• The first time I plugged in my laptop in the UK, it died. Same thing with my tablet. I also had to get a new phone. So that meant no writing, reading, tweeting or administrating … because yes, I couldn’t remember my passwords and I had to log on from other people’s devices and I must have been driving everyone (including myself) crazy with finding quirky new ways to prove my identity.
  • Starting to look for permanent positions in my field and realising that I will be sacrificing either my time and soul or else money (and my children’s welfare) doing work I no longer quite believe in.
  • Being really tired all the time and anxious about losing track of something important

But it’s not all noir (despite my fondness for the dark side). There have been some highlights too:

  • Our friends in the local area are very excited to have us back and have made us feel very welcome. There are advantages to moving back to a familiar place rather than somewhere completely new.
  • We are close to London and I’ve already had a wonderful day there, watching ‘The Threepenny Opera’ at the National Theatre, and mooching around on the South Bank. After years of living in a rural backwater, you can’t help but be energised by London’s cultural life and metropolitan vibe (as long as you avoid rush hour, of course).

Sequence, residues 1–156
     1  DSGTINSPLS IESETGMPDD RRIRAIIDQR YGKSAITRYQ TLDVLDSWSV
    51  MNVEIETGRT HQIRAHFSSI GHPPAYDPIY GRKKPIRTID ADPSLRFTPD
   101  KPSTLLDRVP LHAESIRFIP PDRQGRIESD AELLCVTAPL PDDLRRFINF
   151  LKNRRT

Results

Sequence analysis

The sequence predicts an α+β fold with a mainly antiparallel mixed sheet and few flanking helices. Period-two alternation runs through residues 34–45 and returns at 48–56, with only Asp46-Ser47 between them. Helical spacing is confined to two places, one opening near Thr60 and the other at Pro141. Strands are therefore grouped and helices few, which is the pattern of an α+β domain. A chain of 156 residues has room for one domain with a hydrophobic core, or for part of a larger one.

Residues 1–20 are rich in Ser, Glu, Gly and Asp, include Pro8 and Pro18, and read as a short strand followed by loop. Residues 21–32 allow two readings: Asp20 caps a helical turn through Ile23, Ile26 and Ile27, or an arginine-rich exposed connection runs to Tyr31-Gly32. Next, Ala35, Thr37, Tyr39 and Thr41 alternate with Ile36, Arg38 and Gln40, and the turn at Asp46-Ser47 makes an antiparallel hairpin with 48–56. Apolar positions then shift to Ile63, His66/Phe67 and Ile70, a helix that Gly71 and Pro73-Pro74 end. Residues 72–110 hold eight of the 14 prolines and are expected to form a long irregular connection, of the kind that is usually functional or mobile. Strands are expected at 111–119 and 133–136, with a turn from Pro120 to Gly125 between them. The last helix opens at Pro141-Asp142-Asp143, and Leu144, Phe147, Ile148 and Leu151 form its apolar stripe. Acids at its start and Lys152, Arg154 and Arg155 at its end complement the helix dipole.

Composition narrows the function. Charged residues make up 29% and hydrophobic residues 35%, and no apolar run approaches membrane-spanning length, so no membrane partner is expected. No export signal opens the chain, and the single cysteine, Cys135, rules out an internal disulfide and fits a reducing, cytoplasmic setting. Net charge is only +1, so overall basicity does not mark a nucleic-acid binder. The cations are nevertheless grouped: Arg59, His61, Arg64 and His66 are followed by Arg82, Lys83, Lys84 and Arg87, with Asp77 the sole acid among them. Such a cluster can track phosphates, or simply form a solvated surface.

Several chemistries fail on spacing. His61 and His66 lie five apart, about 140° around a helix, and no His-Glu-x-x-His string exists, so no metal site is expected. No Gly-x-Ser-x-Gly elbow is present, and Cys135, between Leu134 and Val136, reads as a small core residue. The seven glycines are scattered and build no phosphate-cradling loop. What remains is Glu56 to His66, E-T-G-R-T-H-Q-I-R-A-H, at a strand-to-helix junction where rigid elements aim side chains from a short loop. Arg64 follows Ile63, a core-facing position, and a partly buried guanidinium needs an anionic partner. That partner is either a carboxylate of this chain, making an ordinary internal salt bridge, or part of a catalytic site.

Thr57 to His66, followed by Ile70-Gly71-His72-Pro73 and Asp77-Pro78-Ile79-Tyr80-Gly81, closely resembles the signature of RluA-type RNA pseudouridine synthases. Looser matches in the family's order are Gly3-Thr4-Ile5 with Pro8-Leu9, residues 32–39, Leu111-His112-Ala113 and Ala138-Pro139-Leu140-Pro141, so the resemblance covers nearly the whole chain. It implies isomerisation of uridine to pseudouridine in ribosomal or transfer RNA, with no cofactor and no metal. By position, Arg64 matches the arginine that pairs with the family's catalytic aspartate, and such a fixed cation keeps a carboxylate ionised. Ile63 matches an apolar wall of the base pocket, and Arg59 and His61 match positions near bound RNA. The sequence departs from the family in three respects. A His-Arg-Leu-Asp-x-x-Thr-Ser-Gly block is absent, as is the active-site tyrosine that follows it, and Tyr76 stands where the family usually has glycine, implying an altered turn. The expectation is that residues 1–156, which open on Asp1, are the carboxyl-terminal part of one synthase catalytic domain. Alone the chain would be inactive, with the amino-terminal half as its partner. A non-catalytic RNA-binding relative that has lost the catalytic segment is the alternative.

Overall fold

London

  • The countryside is close by if you do get tired of the city, and we are fortunate enough to live in quite a pretty area, reminiscent of The Wind in the Willows. Best of both worlds!
Finding Mr. Toad and his motor again at the River and Rowing Museum in Henley.
Finding Mr. Toad and his motor again at the River and Rowing Museum in Henley.
  • It’s so easy to set up services, complain about things and do all the administrative twaddle in English rather than French. I feel I actually know what I’m talking about!
  • Being reunited with old possessions (I am referring, of course, mainly to books, but also my elephant collection or my children’s early artworks and photographs).
  • Closer to publishers, literary events, English language bookshops and libraries. My children nearly fainted with excitement at seeing a whole library full of books in English, instead of just the 1-2 shelves they would see in the local libraries in France.